Six years after she was satellite-tagged as a chick, Donna the White Stork has been killed by power lines. Hatched in Belgium, the much-travelled Donna had left her wintering grounds in southern Spain, and died as she reached her breeding site in the Calvados region of France.

Wim Van den Bossche, leader of the Storks Without Borders project, followed Donna's progress for the 2,033 days of her life after she started her first autumn migration. Wim says Donna was the world-record holder in the young science of satellite-tracking birds. "No other bird has been tracked on a daily basis for such a long period. Donna provided us with a mass of unique scientific data."

Donna left Seville in Southern Spain on the 11 February, stopped off near Madrid for ten days, and reached Calvados on the 4 March. The next day local stork specialist Alain Chartier found her dead under power lines near the estuary of the river Seine. Alain says she was in prime breeding condition.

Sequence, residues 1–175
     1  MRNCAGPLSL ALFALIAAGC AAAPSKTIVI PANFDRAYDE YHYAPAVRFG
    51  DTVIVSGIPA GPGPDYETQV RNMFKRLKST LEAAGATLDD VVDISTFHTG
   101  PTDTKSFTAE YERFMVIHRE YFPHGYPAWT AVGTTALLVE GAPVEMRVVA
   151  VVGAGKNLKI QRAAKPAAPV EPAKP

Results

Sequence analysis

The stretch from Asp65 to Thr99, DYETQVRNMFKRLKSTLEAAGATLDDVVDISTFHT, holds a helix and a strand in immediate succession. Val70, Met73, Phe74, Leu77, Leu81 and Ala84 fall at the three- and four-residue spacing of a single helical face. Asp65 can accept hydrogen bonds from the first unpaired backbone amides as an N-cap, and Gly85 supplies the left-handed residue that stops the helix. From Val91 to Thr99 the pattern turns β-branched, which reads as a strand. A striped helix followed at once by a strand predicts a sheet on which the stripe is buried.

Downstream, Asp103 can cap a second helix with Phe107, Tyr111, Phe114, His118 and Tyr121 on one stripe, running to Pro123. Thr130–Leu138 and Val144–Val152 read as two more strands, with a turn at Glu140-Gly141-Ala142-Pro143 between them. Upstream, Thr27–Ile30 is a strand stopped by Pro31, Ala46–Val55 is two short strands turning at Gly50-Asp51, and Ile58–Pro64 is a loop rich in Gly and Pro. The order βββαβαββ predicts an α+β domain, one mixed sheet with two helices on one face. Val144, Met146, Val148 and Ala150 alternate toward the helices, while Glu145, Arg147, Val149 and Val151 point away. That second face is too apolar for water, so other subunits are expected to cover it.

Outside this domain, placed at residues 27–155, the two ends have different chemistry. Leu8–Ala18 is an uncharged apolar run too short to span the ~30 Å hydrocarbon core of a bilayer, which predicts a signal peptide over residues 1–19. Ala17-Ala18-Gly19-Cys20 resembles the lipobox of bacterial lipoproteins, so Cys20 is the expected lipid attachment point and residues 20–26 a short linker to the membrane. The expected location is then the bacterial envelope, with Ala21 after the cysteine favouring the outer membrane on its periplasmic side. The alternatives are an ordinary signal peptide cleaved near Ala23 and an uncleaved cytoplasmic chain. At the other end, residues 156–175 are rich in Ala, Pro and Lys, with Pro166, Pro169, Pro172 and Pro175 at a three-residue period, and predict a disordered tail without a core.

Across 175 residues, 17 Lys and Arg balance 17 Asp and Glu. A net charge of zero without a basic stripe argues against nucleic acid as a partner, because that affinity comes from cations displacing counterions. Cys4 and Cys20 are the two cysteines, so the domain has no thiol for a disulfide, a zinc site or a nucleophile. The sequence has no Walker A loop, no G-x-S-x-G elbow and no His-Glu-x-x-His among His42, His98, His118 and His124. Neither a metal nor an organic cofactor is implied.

"Electrocution and collision with power lines are the main known causes of death among White Storks," Wim reports. "Along migration routes, up to 59% of dead storks and 90% of wounded storks examined by researchers have hit wires." Storks can live up to 30 years.

Wim says that "bird-friendly" alterations to power lines can reduce stork mortality. Plastic caps and tubes can be fitted quickly and cheaply to existing pylons, poles and cables, and guidelines are available to ensure that new power lines present the minimum risk to birds.

Visit the Storks Without Borders website to find out more.